3Items to be delivered in Manual Handling Sessions Definition – Manual HandlingOccupational Health, Safety and Welfare ActLegislative actsWorkplace procedures that apply to fire, accidents and emergency situationsIdentify HazardsIdentify RisksDVD on Hazards and RisksPosture and handling techniquesUnderstanding your back and your bodyApplying the principles of body mechanicsPrinciples of Manual HandlingVideo on Manual Handling practical techniquesPractical and Assessment
42.1 Definition – Manual Handling Manual Handling:- means any activity requiring the use of force exerted by a person to lift, lower, push, pull, carry or otherwise move, hold or restrain any person animal or thing.
52.2.1 OHS & W (Occupational Health, Safety and Welfare) Why do we train?Employer’s duties under the act.Employee’s duties under the actLegislative actsHazard’s and risk assessment.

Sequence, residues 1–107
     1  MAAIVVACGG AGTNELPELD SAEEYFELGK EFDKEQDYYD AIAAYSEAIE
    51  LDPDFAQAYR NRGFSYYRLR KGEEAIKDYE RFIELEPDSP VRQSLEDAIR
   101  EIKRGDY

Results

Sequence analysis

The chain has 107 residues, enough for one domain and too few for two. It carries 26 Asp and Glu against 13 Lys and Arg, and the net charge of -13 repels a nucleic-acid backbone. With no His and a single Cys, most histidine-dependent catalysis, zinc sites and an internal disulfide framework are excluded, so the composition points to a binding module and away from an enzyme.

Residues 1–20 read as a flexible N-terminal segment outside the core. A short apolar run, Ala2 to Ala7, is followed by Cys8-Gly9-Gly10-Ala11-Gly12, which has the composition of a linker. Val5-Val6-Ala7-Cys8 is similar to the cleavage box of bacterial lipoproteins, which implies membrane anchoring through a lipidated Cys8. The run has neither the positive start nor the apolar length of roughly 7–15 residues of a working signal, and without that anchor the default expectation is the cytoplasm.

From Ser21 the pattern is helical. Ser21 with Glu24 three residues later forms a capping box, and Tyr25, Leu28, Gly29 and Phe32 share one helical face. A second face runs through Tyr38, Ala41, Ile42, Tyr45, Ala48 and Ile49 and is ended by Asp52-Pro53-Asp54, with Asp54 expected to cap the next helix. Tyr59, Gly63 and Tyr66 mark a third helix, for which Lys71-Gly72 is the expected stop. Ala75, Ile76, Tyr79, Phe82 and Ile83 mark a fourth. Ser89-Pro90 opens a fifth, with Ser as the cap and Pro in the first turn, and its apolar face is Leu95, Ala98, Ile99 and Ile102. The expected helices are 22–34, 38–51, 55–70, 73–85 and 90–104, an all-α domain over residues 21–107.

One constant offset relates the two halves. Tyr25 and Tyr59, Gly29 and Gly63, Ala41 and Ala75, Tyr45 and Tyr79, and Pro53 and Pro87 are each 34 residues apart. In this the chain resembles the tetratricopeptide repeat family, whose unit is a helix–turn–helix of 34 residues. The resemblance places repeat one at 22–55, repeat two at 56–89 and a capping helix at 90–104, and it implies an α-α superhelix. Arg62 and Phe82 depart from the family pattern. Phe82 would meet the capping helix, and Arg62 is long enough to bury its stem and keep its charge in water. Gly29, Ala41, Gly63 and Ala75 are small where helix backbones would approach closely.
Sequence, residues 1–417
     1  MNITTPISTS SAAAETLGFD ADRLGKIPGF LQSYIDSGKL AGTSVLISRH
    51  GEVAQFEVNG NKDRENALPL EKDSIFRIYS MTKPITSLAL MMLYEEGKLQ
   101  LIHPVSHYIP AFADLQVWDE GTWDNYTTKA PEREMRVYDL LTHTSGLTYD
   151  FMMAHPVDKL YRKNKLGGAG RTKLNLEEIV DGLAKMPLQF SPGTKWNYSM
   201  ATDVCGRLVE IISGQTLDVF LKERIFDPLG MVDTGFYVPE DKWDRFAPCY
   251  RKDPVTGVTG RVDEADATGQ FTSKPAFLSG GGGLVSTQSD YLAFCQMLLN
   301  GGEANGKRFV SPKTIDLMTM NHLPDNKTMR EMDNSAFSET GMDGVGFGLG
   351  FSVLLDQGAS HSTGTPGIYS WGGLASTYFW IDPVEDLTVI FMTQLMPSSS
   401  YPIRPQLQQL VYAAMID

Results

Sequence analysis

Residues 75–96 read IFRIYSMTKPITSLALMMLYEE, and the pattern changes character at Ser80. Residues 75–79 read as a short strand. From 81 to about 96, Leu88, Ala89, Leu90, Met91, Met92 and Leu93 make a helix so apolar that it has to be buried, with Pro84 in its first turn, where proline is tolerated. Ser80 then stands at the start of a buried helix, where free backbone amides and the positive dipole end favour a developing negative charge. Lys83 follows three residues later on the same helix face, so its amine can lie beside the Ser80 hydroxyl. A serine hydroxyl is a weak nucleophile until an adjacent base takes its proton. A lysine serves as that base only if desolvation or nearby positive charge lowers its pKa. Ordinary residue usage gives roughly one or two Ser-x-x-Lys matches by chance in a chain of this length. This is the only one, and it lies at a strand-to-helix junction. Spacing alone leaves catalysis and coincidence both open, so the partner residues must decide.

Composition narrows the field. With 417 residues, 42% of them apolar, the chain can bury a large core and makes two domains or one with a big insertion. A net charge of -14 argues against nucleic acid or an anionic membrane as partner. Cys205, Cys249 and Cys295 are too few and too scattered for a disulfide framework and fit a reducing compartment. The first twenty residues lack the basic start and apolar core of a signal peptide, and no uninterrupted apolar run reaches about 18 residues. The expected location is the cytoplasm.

6Employers’ Duties under the OHS & W Act (Section 19) Every employer has a duty to “ensure so far as is reasonably practicable’’ that every employee is safe from injury and risks to health in their working environment. In particular, employers must, so far as is reasonably practicable:
7OHS & W Act (section 19) Provide a safe working environment Provide safe systems of workProvide safe plant and equipmentIdentify, assess and control manual handling hazardsProvide information, instruction, training and supervisionProvide suitable training for managers and supervisorsAddress reported hazardsMonitor health and safety of employeesDevelop OHS &W policies and proceduresConsult with staff re: OHS & W eg manual handlingPlan and implement OHS & W programs
8Employees’ Duties under the OHS & W Act (Section 21) Employees must take reasonable care to protect their own health and safety and the health and safety of others who may be affected by their actions or omissions at workEmployees responsibility for health and safety only extends to things that they have control over. However, employees must co-operate with their employer in ensuring health and safety in the workplace.